As a young news reporter, I learned to dodge labels and categorization for the simple reason that it got in the way of my job. I quickly learned that some readers, news sources, and even fellow journalists lived in black and white worlds of “us” and “them” – and they were eager to categorize me.
To be taken seriously, I wanted the information below my byline to be considered by readers on its own merits. And, I wanted sources who were – while not always happy with the news disclosed – at least confident that I was scrupulous in presenting complete, accurate facts and not taking sides.
I continue this dodgeball with labels through a professional life in public relations and marketing. I’ve seen my mission throughout my career as connecting people with ideas and information from which they can make informed decisions … while keeping “me” out of the way of that process.
That’s why I’m intensely uncomfortable taking on the “us” and “them” labels so common in today’s socially and politically polarized society. I know what words like “liberal” and “conservative” mean, but I am not at all comfortable being categorized into one of the many groups that appropriate these ideas as labels.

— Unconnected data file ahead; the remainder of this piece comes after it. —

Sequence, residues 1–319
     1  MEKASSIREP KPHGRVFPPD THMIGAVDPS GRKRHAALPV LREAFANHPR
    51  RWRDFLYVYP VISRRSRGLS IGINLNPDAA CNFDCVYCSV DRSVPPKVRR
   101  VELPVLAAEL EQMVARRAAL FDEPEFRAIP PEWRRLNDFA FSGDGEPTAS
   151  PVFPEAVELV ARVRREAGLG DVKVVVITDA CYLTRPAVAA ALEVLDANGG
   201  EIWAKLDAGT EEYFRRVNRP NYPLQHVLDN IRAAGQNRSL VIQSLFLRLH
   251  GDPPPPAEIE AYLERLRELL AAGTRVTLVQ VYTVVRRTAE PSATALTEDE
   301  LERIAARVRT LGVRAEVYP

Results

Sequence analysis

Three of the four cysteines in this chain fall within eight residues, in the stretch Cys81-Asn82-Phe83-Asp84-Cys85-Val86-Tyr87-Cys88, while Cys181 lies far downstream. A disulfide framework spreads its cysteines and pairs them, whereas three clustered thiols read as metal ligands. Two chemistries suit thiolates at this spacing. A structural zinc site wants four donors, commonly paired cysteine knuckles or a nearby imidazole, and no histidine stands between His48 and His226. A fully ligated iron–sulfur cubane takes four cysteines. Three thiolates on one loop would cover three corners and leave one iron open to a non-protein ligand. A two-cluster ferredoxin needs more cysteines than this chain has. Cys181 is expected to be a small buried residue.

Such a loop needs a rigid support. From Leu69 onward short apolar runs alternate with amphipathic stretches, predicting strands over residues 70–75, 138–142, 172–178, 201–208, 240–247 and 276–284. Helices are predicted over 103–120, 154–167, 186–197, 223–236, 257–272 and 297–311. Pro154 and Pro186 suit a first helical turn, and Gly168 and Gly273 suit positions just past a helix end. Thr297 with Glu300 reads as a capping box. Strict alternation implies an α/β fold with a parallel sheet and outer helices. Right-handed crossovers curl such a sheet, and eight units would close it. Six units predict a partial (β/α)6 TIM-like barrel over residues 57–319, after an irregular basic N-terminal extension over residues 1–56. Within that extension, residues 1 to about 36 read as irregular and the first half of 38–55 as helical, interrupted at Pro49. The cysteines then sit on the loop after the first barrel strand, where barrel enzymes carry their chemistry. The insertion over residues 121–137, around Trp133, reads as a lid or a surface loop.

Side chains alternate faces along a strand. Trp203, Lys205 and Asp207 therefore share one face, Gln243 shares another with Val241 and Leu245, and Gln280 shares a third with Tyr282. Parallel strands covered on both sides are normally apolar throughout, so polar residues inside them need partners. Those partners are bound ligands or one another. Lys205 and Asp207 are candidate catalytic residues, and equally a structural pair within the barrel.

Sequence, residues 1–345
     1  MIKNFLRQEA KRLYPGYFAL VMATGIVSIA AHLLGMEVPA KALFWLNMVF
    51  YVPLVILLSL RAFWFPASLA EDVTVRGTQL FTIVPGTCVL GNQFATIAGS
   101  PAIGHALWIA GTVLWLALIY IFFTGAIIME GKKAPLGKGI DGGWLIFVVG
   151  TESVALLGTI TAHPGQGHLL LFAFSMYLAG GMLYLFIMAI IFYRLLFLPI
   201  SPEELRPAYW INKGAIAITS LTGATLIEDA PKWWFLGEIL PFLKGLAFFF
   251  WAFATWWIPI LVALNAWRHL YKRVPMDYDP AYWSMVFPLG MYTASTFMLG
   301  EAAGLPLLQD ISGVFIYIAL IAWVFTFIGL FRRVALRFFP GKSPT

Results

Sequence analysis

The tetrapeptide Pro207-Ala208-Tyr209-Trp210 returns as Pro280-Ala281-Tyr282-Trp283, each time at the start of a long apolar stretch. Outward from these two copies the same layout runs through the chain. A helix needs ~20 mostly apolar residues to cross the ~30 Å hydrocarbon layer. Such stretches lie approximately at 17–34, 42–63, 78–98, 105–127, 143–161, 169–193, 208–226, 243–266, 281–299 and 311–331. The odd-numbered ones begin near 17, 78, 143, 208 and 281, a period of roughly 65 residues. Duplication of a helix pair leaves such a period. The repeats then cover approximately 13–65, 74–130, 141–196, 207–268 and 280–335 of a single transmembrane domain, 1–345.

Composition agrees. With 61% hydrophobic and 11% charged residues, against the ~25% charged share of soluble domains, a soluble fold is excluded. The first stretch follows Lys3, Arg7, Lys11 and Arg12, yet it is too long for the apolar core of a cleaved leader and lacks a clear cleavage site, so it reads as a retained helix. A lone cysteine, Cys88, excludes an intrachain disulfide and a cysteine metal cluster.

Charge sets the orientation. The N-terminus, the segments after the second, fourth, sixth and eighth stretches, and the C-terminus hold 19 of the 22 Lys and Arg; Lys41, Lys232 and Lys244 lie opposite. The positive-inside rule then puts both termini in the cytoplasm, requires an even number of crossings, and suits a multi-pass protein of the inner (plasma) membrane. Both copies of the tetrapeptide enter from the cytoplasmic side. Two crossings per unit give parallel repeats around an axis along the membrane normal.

The same applies to socio-religious terms such as “pro-life” or “evangelical.” Can I be both for the death penalty and pro-life? Can I be evangelical and Catholic?
Viewing the Martin Scorsese film No Direction Home this week, I found refreshing Bob Dylan’s steadfast discomfort with being labeled or categorized. “At a certain point, people seemed to have a distorted, warped view of me for some reason … the spokesman of a generation, the conscience of a this, and that, and the other … that I could not relate to,” he explained.
To be honest, there are labels I apply to myself. I am Christian and Catholic and would call myself both evangelical and pro-life. And yet I hate the idea that others believe they can understand much about me based on those labels.
I believe it is human nature to label and categorize things, including people. And, terms such as journalist, Muslim, conservative and Caucasian may provide some very broad buckets in which people are grouped. But, we can not truly know someone until we’ve taken the time to dialogue with an open mind … to listen to their heart, with the bias turned way down in our ears.
It’s not easy, but this is what our best journalists strive to do. And today they’re out there toiling under much more difficult circumstances than ever I encountered in a newsroom.